In French, both the city and the province are referred to as "Québec". Which is meant is determined by context and by the convention of referring to the province with the masculine article ("le Québec or au Québec") and to the city without any article at all ("à Québec"). This may lead to confusion when following provincial road signs as the City of Quebec, (Ville de Québec) is referred to only as Québec in official signage.
Orienting yourself in Quebec is fairly easy. Many sights of interest are in the Old Town (Vieux-Québec), which constitutes the walled city on top of the hill. Many surrounding neighbourhoods, either in Haute-Ville ("Upper Town") or in Basse-Ville ("Lower Town"), are of great interest : Saint-Roch, Saint-Jean-Baptiste, Montcalm, Vieux-Port and Limoilou. Haute-Ville and Basse-Ville are connected by many staircases, all of which are unique, such as the aptly-named Escalier Casse-Cou ("Breakneck Stairs") and the more easily climbable "Funiculaire".
The city spreads westward from the St. Lawrence River, for the most part extending from the original old city. The true downtown core of Quebec City is located just west of the old city. Across the river from Quebec City is the town of Lévis. Frequent ferry service connects the two sides of the river.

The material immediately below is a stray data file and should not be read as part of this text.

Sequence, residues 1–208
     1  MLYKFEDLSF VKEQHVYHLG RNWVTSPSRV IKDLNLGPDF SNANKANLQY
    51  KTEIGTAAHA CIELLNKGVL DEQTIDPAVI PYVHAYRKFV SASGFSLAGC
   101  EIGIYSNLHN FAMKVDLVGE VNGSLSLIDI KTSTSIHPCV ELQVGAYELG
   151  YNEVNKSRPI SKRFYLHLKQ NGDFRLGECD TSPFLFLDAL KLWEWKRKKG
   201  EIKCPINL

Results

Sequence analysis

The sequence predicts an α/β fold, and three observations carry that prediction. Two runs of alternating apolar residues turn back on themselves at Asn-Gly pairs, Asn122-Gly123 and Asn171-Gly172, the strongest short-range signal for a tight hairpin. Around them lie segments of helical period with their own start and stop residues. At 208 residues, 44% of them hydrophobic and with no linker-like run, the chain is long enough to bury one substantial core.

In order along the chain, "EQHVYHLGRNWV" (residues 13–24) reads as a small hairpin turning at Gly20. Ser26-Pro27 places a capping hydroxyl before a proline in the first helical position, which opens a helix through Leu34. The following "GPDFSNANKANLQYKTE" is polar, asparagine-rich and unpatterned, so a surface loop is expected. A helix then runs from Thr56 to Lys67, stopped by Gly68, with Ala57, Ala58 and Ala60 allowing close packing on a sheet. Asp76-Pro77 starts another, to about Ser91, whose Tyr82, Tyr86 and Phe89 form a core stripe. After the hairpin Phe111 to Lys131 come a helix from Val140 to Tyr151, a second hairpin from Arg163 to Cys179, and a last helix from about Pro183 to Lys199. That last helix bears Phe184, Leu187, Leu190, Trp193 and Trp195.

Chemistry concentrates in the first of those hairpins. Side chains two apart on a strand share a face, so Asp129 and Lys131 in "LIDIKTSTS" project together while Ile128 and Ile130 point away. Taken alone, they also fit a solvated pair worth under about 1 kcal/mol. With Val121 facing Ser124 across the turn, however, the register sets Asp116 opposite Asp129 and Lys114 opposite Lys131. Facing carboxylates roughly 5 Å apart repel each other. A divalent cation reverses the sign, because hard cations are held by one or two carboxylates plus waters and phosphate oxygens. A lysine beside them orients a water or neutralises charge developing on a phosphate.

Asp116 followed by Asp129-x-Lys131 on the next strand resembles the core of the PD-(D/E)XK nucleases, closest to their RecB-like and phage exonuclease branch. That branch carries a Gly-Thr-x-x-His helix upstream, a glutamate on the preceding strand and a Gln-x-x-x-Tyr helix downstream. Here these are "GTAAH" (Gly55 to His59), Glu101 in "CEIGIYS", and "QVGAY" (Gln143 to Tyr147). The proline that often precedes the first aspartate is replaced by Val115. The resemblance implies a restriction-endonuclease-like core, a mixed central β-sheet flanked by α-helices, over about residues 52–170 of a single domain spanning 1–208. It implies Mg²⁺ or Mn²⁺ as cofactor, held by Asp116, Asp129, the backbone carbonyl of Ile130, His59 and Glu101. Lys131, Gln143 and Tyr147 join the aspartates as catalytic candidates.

Centre Infotouriste de Québec, 12 rue Ste-Anne (across from the Château Frontenac), ☎ +1 514 873-2015 (toll free: +1 877 266-5687), . 21 Jun-31 Aug: 8:30AM-7PM daily. 1 Sep-20 Jun: 9AM-5PM daily (closed 25 Dec and 1 Jan). edit
Please note that there is no public transit or hotel shuttles to the airport, except an RTC public bus 78 Printed schedule that goes to and from the airport only a few times a day ($3.25). The taxi fare to Old Quebec from the airport is a flat fee of $34.25. If you are traveling lightly, you can walk 2 km into city's suburbs and take RTC bus route 80 or 280 to the old city (regular service several times per hour).
A passenger train station is found at the port of Quebec, 450 rue de la Gare du Palais. The Quebec VIA Rail  station is a picturesque building, emulating the architectural style of the famed Chateau-Frontenac overlooking the station. The Quebec-Windsor corridor trains run regularly, with stopovers at Montreal and Toronto.
Another train station is in Sainte-Foy, 3255 chemin de la Gare, near the Quebec and Pierre Laporte bridges. However, public transit does not run there as often as the Quebec station and this station requires walking for a couple of minutes.
The bus station, Terminus Gare du Palais located at 450 rue de la Gare du Palais, is located at the old port of Quebec, next to the train station in the same building. Intercar  and Orleans Express  offer services province-wide.
Another bus station is in Sainte-Foy, 3001 chemin des Quatre-Bourgeois, which is easily accessible by city transit.
Quebec City is 2.5-3 hours by car from Montreal on either Highway 40 or Highway 20 (north and south side of the St. Lawrence, respectively). Both routes are rather monotonous drives through endless forests dotted with farms. For a slower but more picturesque tour of Quebec's heartland, drive along the Chemin du Roy (Highway 138), which follows the north bank of the river instead.
The Funiculaire, Quebec City's diagonal, counterweight railway